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September Review for Business Brief!

Dexter Flynn | 01/10/18

“A Summer time of deadly sin…”

The hackneyed quote “that you wait for ages for a bus then two come along at once” sprung to mind when I was reading various judgments issued by the Royal Court in relation to the prosecution and sentencing of Richard Arthur.

I had only mentioned but a few articles ago that I did not deal with criminal law. However I feel it incumbent to report to you on some of the issues arising in this case, given the prominence it took over the summer.

By way of background, Richard Arthur became an equity partner in a Jersey accountant’s firm at the age of 28. In 1990 his estimated earnings were £400,000 a year. He sold his interest in his trust company in 1998 for some £4.4 million. As the Court described it: “he and his family were wealthy”.

It seems however that Mr Arthur succumbed to one of the deadly sins: greed. As a consequence of living an extravagant lifestyle and making “imprudent investments”, he “helped himself” to funds of three clients to the tune of £1,927,601.

The three individuals were elderly clients of his accountancy firm who had placed complete trust in him.

Notwithstanding an overdraft of £600,000 and the so called imprudent investments, he continued to live the gilded lifestyle. Not only did he succumb to the aforementioned deadly sin, but perhaps there was that Walter Mitty veneer to his Jersey life which seems to attract people to dishonest behaviour. Perhaps he was also suffering from the “keeping up with the Jones” syndrome which can be such an element of Island life.

As I say, this all came to pass this summer. Mr Arthur was sentenced to seven years imprisonment. He had pleaded guilty to three counts of fraud, three counts of fraudulent conversion, and four counts of falsification of accounts committed over a period of seven years. The impact on his victims was profound.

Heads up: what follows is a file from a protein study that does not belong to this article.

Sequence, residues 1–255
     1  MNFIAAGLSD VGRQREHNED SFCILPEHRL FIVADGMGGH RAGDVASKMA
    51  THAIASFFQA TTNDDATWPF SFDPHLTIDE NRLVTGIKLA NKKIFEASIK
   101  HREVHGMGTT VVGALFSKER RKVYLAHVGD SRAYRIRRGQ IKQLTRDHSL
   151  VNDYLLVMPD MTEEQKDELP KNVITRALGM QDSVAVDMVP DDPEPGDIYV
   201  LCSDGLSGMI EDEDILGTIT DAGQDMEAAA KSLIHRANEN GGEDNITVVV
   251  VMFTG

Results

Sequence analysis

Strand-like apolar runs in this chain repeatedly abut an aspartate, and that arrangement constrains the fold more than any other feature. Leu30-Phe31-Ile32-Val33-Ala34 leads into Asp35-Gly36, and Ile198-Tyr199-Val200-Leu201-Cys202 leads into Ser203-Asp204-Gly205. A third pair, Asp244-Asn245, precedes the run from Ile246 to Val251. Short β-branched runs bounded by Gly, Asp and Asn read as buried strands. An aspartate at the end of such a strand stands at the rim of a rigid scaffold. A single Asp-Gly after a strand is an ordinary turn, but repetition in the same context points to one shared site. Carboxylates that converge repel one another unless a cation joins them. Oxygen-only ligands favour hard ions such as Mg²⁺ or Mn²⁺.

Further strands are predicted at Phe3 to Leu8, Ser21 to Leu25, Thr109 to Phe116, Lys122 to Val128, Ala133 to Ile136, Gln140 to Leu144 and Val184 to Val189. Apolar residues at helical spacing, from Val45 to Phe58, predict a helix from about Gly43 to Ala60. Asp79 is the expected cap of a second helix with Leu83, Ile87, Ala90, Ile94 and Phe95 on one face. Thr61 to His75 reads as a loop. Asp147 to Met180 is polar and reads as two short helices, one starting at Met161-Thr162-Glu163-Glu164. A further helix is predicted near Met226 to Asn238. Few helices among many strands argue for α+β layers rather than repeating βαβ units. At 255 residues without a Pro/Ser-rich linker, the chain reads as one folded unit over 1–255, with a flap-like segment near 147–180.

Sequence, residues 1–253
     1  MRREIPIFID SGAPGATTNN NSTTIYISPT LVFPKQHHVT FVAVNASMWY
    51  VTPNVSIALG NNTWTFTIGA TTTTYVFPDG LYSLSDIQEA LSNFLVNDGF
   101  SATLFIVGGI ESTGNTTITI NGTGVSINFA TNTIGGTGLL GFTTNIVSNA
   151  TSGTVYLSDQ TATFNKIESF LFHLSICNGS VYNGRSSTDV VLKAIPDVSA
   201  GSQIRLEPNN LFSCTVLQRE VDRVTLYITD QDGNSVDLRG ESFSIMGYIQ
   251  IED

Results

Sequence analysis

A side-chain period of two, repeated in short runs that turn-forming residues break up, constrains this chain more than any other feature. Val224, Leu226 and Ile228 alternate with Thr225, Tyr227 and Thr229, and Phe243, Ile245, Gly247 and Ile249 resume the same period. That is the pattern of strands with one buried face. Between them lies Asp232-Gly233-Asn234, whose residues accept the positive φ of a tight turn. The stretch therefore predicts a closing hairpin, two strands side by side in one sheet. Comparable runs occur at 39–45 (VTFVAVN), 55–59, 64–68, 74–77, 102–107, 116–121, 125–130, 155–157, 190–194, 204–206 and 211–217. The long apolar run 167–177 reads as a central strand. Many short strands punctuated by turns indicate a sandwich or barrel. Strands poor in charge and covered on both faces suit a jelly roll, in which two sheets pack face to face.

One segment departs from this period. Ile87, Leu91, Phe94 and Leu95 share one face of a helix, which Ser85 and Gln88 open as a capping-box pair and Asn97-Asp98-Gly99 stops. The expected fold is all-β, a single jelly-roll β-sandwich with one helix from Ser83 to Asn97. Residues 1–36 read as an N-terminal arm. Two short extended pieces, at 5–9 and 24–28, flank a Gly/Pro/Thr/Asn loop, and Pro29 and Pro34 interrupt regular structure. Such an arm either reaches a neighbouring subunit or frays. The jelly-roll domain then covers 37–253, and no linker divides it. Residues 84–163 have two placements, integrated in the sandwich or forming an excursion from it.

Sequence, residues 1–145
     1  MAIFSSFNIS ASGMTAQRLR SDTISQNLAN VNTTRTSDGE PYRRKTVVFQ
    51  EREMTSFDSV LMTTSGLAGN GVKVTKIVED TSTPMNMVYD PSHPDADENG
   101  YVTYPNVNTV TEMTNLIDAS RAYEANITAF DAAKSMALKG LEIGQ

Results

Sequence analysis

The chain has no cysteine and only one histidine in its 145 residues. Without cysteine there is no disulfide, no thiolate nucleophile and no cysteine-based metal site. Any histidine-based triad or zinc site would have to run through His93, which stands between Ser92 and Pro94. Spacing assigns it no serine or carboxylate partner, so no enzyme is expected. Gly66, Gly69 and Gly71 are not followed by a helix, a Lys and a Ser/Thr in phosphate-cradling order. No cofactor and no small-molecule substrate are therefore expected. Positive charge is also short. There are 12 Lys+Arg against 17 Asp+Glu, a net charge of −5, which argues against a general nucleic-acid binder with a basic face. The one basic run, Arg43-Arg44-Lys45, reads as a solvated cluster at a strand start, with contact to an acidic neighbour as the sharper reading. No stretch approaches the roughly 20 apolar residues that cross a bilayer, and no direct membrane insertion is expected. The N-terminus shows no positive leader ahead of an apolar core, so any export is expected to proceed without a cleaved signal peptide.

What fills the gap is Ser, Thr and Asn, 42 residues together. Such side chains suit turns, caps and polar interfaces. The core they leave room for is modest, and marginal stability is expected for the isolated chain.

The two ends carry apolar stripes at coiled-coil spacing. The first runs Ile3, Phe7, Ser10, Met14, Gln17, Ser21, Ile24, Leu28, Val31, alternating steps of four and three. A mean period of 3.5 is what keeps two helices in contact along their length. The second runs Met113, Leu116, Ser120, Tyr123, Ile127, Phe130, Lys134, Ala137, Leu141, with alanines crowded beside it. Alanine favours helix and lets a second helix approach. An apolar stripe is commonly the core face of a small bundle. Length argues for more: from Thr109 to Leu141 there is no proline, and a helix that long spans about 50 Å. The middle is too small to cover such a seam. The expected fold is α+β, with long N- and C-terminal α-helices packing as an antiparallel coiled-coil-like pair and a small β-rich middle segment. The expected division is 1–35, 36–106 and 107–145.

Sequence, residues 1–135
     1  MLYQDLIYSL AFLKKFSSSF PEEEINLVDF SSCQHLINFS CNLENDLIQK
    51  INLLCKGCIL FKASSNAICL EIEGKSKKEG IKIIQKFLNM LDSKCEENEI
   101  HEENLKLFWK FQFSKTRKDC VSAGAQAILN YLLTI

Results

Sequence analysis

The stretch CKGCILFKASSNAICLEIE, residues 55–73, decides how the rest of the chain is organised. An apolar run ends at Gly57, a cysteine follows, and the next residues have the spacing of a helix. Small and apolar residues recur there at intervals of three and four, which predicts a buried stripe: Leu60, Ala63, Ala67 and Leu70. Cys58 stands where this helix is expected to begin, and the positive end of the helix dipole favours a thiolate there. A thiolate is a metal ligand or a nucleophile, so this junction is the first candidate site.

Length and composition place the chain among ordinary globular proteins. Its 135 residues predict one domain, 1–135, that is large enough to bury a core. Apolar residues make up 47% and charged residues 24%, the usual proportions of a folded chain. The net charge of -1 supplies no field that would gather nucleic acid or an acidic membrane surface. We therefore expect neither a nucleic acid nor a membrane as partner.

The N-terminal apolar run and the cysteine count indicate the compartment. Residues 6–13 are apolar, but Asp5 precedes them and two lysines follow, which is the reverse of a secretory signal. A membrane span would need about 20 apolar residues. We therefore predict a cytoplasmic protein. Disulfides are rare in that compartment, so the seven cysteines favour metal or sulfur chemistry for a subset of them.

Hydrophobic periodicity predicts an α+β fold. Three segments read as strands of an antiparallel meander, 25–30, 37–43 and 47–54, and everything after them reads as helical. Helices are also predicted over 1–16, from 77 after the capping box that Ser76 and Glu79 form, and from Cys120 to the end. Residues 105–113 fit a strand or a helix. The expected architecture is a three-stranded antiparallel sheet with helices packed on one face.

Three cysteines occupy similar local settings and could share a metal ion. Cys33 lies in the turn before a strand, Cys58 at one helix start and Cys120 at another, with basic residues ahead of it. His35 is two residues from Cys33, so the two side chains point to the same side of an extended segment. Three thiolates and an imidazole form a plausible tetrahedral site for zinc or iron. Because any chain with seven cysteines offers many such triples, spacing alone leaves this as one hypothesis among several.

In fact, one victim’s daughter commented in a statement upon the family’s confidence on the Jersey’s financial sector. She starkly stated that it was “zero”. This was an issue for the Court, in that Mr Arthur’s conduct had brought “discredit upon the Island’s financial sector”. The Court reiterated its view that it is of “paramount importance that the reputation of integrity of the financial business on this Island should be preserved and its reputation remains untarnished”.

The Court also had regard to the consequences that Mr Arthur’s actions had on his fellow employees and the partners in his business. The proceedings have lasted a number of years. Perhaps too long.

Since Mr Arthur’s sentencing the Court have released further judgments which had been withheld pending the conclusion of the cause.

There appear to have been numerous legal spats. One curious spat was set out in a judgment released last month referring to a decision of Commissioner Birt in December 2017. An objection was raised by Mr Arthur’s lawyers that a particular local lawyer should not be permitted to prosecute the case.

It appears that ultimately it took four attempts to secure an Advocate to prosecute the case. The original Advocate appointed had to withdraw in late 2015. Unfortunately, the second Advocate appointed was taken seriously ill before the trial was due to commence. A third Advocate was appointed to prosecute but Mr Arthur’s lawyer took objection to the appointment of that particular Advocate because of an apparent conflict. The Court agreed, so a fourth Advocate was appointed. Bizarre.

This case highlighted perhaps the good and the bad of Jersey criminal law. The good in the sense that Mr Arthur was convicted. His greed and the impact such avarice had upon innocent bystanders were properly sanctioned. Seven years is a long time. Moreover it sends a loud message for those that might get caught up in a Walter Mitty lifestyle to stop and think about the consequences of their actions. Perhaps one doesn’t need to “keep up with the Jones” or the “Smiths” or the “Le’s” or “La’s”. Conversely, perhaps the proceedings have taken too long, thereby prolonging the agony for the victims. The cost and the general disarray that the prosecution appears to have found itself in at various stages of the proceedings is a salutary lesson for the Jersey authorities, particularly with the financial world’s beady eye upon us at this crucial time.

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